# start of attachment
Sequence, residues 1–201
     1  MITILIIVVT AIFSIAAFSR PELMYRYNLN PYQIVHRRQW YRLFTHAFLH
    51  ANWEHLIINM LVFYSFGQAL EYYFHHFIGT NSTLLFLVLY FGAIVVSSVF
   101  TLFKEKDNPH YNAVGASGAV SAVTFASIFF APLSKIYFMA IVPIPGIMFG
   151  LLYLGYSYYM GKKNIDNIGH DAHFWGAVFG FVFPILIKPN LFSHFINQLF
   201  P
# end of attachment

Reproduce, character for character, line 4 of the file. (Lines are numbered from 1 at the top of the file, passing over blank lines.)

   101  TLFKEKDNPH YNAVGASGAV SAVTFASIFF APLSKIYFMA IVPIPGIMFG